Stuck with a bubble

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Stuck with a bubble

Lee Chul-ho
The author is a columnist of the JoongAng Ilbo.

Bank of Korea Governor Lee Ju-yeol may raise the base rate two more times before his term ends in late March. All factors back the rationale for higher rates. Housing prices are sky-high, and the consumer price index rose 3.7 percent in November from the year-earlier period. Household debt has topped a whopping 1,800 trillion won ($1.5 trillion).
An additional base rate increase in January has been anticipated. The problem is what happens after March. The presidential election is held on March 9, and Gov. Lee’s term ends on March 31. Lee is known for sustaining a balance between professionalism and flexibility. But he may be innately hawkish. He stunned the market by pushing a rate increase in November 2017, when the inflation rate was at 1.8 percent, below the target 2.0 percent. Yet he orchestrated a preemptive action.
The central bank governorship is expected to remain vacant under the deputy governor as the next president will be sworn in May and won’t come up for appointment before June. Lee has said he does not wish to leave as a governor who left assets bubbly. He could implement another rate increase in February before he leaves. He would feel unsettled to leave the actual deposit rate in the negative territory — and with asset prices still overly inflated.
The devil is in the details regarding the lost decades of Japan. In October 1987, when assets began to become foamy, the Bank of Japan considered lifting the benchmark rate. But it was stopped by external factors — the plunge in import prices after the yen’s value doubled following the Plaza Accord. With the inflation rate at 0.1 percent, the rationale for a rate hike was too weak. In September that year, the United States reported its largest-ever trade deficit. On Oct. 19, stocks crashed on Black Monday. Japan could not act for fear of further upsetting American authorities. In the following two years, bubbles snowballed while authorities dilly-dallied. The burst was largely man-made.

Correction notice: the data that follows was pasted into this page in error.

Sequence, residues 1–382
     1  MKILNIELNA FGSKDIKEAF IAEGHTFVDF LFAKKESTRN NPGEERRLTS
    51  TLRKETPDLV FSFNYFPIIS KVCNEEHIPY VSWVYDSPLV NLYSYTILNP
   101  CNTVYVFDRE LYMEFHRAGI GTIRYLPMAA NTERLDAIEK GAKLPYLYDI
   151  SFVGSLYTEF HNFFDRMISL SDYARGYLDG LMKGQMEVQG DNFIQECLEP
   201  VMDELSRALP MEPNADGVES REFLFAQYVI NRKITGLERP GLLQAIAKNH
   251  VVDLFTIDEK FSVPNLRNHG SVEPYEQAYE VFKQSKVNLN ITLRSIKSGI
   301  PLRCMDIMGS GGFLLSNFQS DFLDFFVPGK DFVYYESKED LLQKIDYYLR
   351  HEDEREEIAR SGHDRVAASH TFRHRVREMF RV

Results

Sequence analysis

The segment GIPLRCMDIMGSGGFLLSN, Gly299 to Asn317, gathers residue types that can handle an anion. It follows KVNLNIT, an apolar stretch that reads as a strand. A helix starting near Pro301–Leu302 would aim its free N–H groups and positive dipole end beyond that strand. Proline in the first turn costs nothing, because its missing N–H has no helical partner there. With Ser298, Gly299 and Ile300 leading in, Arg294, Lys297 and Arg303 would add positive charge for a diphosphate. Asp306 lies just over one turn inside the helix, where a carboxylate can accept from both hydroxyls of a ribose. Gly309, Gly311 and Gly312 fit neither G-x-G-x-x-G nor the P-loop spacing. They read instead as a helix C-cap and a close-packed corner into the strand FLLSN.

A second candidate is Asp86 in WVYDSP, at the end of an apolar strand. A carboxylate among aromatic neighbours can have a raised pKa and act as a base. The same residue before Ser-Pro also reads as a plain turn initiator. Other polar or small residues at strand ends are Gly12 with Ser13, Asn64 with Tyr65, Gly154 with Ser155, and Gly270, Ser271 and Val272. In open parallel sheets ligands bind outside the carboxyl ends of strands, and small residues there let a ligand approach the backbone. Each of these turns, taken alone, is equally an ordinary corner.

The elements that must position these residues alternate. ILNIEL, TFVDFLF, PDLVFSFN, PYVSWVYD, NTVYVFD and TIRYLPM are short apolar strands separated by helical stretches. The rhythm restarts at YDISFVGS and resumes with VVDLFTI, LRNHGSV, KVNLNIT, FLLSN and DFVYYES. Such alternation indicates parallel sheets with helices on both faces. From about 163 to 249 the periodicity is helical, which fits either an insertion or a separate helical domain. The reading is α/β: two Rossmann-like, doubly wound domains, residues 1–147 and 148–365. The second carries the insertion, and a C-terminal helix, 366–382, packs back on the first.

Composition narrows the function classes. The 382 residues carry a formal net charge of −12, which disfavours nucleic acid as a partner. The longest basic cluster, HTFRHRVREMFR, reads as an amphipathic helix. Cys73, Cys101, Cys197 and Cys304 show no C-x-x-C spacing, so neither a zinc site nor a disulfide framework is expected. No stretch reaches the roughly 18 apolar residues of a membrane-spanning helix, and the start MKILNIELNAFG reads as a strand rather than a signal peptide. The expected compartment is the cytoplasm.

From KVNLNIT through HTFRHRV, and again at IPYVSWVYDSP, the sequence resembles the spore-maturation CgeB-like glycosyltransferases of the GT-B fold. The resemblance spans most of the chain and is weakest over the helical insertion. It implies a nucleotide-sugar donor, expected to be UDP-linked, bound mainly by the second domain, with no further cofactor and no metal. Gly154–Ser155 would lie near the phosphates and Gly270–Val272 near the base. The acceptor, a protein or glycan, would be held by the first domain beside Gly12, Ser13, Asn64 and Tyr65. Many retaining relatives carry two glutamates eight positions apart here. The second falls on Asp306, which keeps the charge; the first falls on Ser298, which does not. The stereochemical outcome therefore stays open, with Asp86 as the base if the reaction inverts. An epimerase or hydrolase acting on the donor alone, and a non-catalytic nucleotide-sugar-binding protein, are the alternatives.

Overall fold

There is a hidden reason behind the protracted collapse in the real estate market in Japan. Housing supply was not interrupted despite a plunge in prices. From 1990, annual supply averaged 1.4 million to 1.6 million units. Housing supply fell below 1 million from 2009. Japan brought about its own catastrophe. It went on with fiscal stimuli with a great portion feeding public housing. The vicious cycle from the burst of the asset bubble followed by stimuli, increased supply and a further fall in housing prices went on. The United States took a different approach. When the subprime mortgage crisis burst in 2007, housing supply that averaged 1.7 million declined to 870,000 units. The slowed private-sector housing supply helped prevent a further collapse.
A central bank that does not act promptly can bring about lasting consequences. The Bank of Korea started lifting its policy rate from August. The Covid-19 environment of last year caused deflation from lockdowns and depressed consumption. This year under variant threats, inflation posed a worry around the world from ultra-low interest rates and global supply bottlenecks. Monetary tightening and benchmark rate hikes will likely be a global trend next year. The unprecedented liquidity binge with borrowing rates in the zero territory is coming to an end.
Raghuram Rajan, a distinguished professor at the University of Chicago’s Booth School and a former governor of the Federal Reserve, warned of pain when central banks turn off the easy money tap. Abstinence from the addictive easy and cheap money can be serious. Bubbles are also hard to manage. They must be delicately handled so as not to suddenly trigger an unnecessary pop. Historically, hard-landing has been more common than soft-landing. In Korea, there are also apprehensions about a collapse in housing prices. Seoul National University Professor Kim Kyung-min predicts that housing prices could fall by maximum 17 percent from around June 2021, when the base rate reaches 1.5 percent.
Regardless of who becomes the next president, the incoming administration would have to clean up the mess from the spendthrift party. If bubbles burst, the entire financial system could shake. Harvard University Professor and former IMF chief economist Kenneth Rogoff warned that excessive debt always ended in financial crisis. In such cases, state bailouts would be in demand.
But fiscal coffers are open to finance populist promises ahead of the next presidential election. The ruling front has forgotten how the presidential spokesman came under fire for saying stockpiling in public finance can rot. Public finance is national value. It must not be wasted to buy votes. An old adage said that a farmer would not eat a seed even if he is starving. Presidential aspirants of both rivalling parties are less wise than a farmer. They vie with slander and populism instead of policy. The presidential race is turning more and more vulgar.
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